8/24/2013 7:00 AM
By Paul Post New York Correspondent
GREENWICH, N.Y. — Brad McEachron gets ready for a youth dairy contest the same as a high school football game or track meet.
It takes weeks of hard work and practice, and he never gets tired of winning.
McEachron, 15, of Cornerrest Farm in Granville, N.Y., was one of the many entrants at this year’s Washington County Fair, which runs through Sunday, Aug. 25.
“It really gets me excited. I’m very competitive. I don’t like losing. I think she likes it, too,” he said, while grooming his 2-year-old cow, Maxine.
Last year, just shy of her first birthday, Maxine was named junior champion at the Vermont State Fair in Rutland, Vt.
She and McEachron took part in three separate events at the Washington County Fair, which is New York’s third largest county fair behind Erie and Dutchess counties.
When not busy taking care of his animals, McEachron finds plenty of other fun things to do at the fair.
“I just like hanging out here, being with friends, going on rides and eating fair food,” he said.
To farm families, the camaraderie that comes with this annual weeklong event is also a major attraction.
“I like showing against friends that I don’t get to see a lot,” said 17-year-old Brock Liddle of Liddle Home Farm in Argyle, N.Y.
He was busy prepping one of his farm’s cows for the showmanship contest. Just like a glamorous fashion model, the 11-month-old heifer is kept lean, clean and well-groomed, which helps score points with the judges.
A high school senior, Liddle said he likes working with younger kids and showing them how to take care of animals. Of course, winning is a big encouragement, too.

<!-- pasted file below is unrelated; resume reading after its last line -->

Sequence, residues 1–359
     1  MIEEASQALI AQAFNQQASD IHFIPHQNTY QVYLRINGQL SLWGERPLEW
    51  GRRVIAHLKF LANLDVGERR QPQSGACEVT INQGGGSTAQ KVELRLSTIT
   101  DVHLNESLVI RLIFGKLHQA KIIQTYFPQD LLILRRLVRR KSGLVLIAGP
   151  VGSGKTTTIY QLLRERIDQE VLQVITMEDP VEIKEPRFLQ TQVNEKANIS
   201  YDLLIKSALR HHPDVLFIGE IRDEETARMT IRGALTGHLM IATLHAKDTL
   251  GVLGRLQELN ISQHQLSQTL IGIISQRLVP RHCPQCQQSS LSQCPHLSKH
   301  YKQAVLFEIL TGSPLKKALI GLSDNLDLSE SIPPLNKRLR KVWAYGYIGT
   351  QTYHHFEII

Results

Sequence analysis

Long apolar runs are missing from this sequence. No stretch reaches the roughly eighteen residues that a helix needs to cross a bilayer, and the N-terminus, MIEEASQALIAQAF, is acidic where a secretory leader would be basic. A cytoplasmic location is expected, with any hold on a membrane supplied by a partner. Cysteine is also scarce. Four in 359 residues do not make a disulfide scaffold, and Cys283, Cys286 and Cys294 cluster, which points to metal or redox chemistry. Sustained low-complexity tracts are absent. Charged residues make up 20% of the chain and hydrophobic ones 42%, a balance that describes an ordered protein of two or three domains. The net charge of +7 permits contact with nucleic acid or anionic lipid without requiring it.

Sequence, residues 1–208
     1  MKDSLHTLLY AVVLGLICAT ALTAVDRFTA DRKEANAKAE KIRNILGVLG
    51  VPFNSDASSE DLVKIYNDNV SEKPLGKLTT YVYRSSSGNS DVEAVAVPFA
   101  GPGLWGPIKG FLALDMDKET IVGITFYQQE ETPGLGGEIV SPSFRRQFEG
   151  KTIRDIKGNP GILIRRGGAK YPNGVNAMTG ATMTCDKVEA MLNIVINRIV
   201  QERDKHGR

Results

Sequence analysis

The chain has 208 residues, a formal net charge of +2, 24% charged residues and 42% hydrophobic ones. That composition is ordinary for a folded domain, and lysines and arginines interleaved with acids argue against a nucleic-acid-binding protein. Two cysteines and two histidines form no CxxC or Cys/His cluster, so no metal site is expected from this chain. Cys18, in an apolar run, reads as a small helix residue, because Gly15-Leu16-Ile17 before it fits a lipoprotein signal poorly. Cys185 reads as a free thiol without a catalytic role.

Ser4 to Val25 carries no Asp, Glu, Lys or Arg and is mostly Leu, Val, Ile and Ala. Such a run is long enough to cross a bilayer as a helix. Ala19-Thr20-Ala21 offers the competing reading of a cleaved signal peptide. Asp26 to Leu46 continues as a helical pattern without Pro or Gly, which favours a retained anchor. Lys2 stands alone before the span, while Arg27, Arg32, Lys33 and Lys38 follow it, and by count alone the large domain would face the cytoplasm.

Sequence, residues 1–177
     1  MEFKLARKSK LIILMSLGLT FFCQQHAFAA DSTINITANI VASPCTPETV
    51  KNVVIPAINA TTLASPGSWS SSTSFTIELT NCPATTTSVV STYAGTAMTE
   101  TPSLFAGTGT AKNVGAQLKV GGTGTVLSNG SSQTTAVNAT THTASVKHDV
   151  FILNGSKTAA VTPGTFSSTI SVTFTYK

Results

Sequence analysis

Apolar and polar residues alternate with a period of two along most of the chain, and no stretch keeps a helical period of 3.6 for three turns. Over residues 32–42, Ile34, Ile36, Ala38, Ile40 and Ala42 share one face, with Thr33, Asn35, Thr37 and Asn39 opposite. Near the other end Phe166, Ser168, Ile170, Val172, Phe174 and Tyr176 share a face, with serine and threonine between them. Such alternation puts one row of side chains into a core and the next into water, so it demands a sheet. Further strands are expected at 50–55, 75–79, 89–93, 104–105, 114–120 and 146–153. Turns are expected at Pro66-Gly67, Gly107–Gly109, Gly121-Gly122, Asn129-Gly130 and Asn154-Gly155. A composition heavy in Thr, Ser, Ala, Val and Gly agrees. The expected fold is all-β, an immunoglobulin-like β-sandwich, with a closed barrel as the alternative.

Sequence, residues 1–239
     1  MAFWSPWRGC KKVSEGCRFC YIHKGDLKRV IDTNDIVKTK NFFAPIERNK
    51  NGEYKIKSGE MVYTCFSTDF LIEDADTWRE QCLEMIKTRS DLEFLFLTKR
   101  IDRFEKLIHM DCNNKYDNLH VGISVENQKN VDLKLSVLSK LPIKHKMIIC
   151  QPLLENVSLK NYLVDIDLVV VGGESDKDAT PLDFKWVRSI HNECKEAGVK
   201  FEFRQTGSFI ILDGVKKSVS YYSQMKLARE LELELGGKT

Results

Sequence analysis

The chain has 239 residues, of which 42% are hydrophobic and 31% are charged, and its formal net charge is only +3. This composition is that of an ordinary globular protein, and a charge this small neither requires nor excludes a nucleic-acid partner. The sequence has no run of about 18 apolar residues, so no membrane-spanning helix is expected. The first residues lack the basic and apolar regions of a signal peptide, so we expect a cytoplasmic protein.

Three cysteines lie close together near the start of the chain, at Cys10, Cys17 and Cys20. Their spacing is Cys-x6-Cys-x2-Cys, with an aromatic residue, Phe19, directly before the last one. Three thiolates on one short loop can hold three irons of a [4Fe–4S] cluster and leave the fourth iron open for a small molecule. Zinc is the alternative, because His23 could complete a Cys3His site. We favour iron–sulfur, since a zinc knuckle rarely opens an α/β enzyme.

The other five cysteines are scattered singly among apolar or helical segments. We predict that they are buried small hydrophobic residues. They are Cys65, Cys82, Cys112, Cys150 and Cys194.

“It gets little kids interested and gives them a push,” he said.
Of course the fair has another important role by teaching people from non-farm backgrounds about today’s agricultural challenges.
“I’m a city girl,” said Verna Carazza of Saratoga Springs, N.Y. “This is a real education for me.”
She took in the sights, sounds and tempting aromas on the fair’s first full day with her friend, Conny Moore of Clifton Park, N.Y.
“I was raised on a farm,” Moore said. “I love to come back and go through all the barns. We just saw a Percheron mule at the draft tent.”
Two-year-old Isabella Favata, of Bennington, Vt., got a hands-on experience by milking a life-size artificial cow in the dairy barn, where a working milking parlor is on display.
“I was raised on a farm,” said her mother, Sara. “We just think it’s important for her to be exposed to these kinds of things. It’s good for her to see.”
In the FFA building, a group of young children petted newborn ducklings.
All kinds of animals were displayed from emus to a pair of reindeer owned by Bob Smith of Ballston Spa, N.Y.
“Do they fly?” a little girl asked.
“Only at Christmas time when Santa needs them,” Smith said, smiling.
The 2012 fair had record attendance of more than 120,000 people and this year got off to a good start on Monday, Aug. 19. Turnout is heavily dependent on the weather and Mother Nature cooperated by providing excellent conditions throughout the week. It was a classic, late-summer setting with temperatures in the mid-80s under bright, blue sunny skies.
Crowds turned out for all kinds of special features, attractions and entertainment including ox and draft horse demonstrations, antique tractor pulls, pro rodeo events and a “Farmers Olympics” for adults and kids alike.
Of course, few people leave without sampling some of the delicious treats on hand, such as maple-flavored milkshakes at the Upper Hudson Maple Producers’ sugarhouse.
“How could you not want something here?” said Steve Childs, Cornell Cooperative Extension maple specialist.